It was hard not to be optimistic about the U.S. economy after visiting the AHR Expo in Chicago.

It was hard not to be optimistic about the U.S. economy after visiting the international Air-Conditioning, Heating and Refrigerating Exposition, Jan. 27-29 at Chicago's McCormick Place convention center.

Besides the record-setting attendance - more than 58,000 - not one exhibitor I talked to this year was complaining. Obviously my informal survey left out a lot of companies, but I can't remember another trade show where I wasn't able to quickly find an exhibitor who had at least a few gripes.

Maybe all those leads won't turn into sales, but it says a lot about the hopefulness of many contractors and manufacturers that they were willing to send employees to the show. If you check out our post-AHR Expo coverage this month, you'll see there was no shortage of new products for them to look at.

The mood was more serious at many of the seminars sponsored by the American Society of Heating, Refrigerating and Air-Conditioning Engineers during its annual winter meeting at Chicago's Palmer House Hilton hotel. This year, perhaps even more than the 2002 show, public safety was a top concern, with talks on environmental security and mold remediation among the best attended.

ASHRAE officials presented an updated version of "Risk Management Guidance for Health, Safety and Environmental Security Under Extraordinary Incidents," its recommendations to building managers for ensuring the safety of occupants and determining where a building may be vulnerable to terrorist attacks or natural disasters. With the nation's terror-alert system constantly saying the U.S. faces a significant threat of terrorist attack, the release of the document could not be timelier.

"Building occupants have come to expect 100% reliability from the infrastructure that serves them," said James Woods, Ph. D., P.E., and chairman of ASHRAE's ad hoc committee that prepared the report. "Most are not aware of how vulnerable and interdependent these systems are."

Among the report's recommendations:

  • Integrate the control sequences of hvac systems for normal and "extraordinary" periods of operation.

  • Do not compromise the health, comfort or safety of occupants in the name of reducing a building's vulnerability to attack.

  • Locate outdoor intakes so they are protected from external sources of contamination and away from publicly accessible areas to help prevent their inadvertent obstruction.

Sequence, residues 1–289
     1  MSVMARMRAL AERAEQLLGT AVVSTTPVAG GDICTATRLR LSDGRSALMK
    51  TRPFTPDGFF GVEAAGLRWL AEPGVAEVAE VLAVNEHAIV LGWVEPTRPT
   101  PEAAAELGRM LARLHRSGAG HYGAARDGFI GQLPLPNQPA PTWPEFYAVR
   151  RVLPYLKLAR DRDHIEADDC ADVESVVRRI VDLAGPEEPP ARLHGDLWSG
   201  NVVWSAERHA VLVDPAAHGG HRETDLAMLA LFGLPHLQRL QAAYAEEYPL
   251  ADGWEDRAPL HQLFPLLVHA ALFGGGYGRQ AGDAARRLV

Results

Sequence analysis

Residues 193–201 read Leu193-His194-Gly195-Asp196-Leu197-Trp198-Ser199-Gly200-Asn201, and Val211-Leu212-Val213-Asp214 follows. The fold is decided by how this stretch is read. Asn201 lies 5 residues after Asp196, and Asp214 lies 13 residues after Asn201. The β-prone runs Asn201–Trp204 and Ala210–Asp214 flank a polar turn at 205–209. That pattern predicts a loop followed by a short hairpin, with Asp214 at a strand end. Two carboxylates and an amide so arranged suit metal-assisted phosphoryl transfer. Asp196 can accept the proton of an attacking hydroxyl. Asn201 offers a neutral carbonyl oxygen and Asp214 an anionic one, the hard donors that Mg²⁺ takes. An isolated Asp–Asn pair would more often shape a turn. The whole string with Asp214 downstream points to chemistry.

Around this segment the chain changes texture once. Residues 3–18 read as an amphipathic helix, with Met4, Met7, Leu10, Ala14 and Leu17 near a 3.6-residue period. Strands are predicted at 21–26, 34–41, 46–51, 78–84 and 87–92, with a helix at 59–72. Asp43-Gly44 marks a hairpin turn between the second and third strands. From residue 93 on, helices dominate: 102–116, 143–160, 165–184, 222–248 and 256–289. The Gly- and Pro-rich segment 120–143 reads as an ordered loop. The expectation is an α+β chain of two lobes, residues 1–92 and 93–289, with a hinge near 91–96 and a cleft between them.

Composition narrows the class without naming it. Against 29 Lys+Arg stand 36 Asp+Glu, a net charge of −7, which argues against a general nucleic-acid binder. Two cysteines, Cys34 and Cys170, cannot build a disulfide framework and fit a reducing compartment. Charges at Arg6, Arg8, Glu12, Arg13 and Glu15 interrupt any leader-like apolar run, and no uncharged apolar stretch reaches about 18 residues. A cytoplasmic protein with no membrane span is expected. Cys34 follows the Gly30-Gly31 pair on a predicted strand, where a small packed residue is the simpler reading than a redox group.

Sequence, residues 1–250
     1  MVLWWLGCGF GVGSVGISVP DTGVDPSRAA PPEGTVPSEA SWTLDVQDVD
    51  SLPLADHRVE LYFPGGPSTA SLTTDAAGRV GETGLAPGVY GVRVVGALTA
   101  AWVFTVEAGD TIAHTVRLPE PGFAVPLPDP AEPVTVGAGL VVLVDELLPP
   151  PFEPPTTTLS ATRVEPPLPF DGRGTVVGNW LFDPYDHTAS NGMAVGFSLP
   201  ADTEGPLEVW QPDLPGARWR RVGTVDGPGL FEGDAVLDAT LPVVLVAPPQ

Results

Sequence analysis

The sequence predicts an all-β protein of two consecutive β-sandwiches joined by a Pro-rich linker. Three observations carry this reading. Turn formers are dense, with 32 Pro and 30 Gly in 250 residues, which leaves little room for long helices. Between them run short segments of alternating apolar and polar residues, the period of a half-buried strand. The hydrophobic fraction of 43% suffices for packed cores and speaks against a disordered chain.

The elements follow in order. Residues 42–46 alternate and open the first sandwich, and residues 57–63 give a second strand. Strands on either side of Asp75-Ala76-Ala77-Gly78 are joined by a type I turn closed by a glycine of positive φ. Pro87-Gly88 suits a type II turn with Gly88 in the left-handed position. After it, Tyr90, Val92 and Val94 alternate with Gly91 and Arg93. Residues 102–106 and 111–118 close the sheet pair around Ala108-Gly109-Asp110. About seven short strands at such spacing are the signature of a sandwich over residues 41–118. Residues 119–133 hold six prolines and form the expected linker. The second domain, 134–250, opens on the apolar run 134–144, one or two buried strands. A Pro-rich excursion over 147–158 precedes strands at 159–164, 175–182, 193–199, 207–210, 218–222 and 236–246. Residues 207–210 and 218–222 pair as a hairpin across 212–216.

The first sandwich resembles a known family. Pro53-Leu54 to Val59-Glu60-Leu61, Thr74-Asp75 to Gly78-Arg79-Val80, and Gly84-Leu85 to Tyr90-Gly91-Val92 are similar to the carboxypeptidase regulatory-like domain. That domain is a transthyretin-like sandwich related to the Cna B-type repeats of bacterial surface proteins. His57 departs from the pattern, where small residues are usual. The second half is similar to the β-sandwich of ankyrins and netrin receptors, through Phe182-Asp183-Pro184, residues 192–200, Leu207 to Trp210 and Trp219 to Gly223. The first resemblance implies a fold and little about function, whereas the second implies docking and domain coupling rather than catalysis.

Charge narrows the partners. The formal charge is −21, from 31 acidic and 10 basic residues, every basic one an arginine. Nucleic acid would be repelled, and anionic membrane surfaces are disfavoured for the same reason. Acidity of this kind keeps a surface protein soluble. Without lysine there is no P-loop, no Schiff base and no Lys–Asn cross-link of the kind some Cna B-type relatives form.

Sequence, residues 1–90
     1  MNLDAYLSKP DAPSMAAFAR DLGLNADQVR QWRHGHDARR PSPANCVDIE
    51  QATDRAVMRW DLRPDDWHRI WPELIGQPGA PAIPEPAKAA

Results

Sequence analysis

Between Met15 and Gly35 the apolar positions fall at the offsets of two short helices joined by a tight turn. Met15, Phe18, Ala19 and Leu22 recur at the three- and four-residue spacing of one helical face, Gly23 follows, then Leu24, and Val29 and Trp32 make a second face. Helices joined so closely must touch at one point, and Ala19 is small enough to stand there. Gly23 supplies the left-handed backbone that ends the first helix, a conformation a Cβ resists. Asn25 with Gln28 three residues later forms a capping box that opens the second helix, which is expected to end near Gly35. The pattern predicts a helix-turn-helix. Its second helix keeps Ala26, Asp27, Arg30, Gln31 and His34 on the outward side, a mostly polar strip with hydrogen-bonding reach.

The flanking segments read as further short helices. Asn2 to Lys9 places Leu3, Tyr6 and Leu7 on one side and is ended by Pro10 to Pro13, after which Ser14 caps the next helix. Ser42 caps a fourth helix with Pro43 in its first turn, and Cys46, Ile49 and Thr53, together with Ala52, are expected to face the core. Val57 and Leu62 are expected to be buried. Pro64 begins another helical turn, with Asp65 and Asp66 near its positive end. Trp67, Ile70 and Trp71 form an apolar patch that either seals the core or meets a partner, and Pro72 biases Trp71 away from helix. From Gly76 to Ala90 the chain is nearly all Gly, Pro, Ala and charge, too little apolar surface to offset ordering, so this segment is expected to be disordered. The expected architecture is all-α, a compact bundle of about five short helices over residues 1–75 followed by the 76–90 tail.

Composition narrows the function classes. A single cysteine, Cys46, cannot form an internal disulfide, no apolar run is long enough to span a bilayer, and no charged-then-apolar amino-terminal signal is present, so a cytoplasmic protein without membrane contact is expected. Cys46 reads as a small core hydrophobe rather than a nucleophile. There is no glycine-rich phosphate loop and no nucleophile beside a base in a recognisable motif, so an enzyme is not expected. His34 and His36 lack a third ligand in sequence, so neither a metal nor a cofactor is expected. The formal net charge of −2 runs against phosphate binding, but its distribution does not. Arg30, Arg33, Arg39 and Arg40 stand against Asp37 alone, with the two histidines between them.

• Establish a plan for dealing with an extraordinary incident and hold regular drills.

    For a copy of the full report, go to

    Speaking of trade shows, I just returned from the National Roofing Contractors Association's 116th annual convention in New Orleans. It was my first time attending the event, as well as sightseeing in the Big Easy. I had a great time with both activities. Although this show covers the whole roofing industry, there was plenty of metal roofing on display, as you'll see in this month's feature. Metal roofing's role as an environmentally responsible building material was evident, with many manufacturers promoting their "cool" metal-roofing line of products.

    This is a relatively new trend in roofing that we featured as our February cover story. If you're a metal-roofing contractor, it might be worthwhile to promote the energy savings metal can provide to your customers. More and more people are concerned about the environment, and metal-roofing's ability to be recycled may help make a sale. And with energy costs increasing again, many people are looking for ways to lower their heating and cooling costs. Some research indicates a metal roof could help do both.


    Can you direct me to all ready-made or custom products and fabricators that would help provide an elegant architectural wall-supporting bracket design that would support an 18-in. diameter? Exposed sheet metal circular supply and return at intervals to be determined. The goal is to help make this duct float off the wall and become a feature of the dance-studio double-height space.

    Robert Cohen, AIA


    Readers, can you help him out?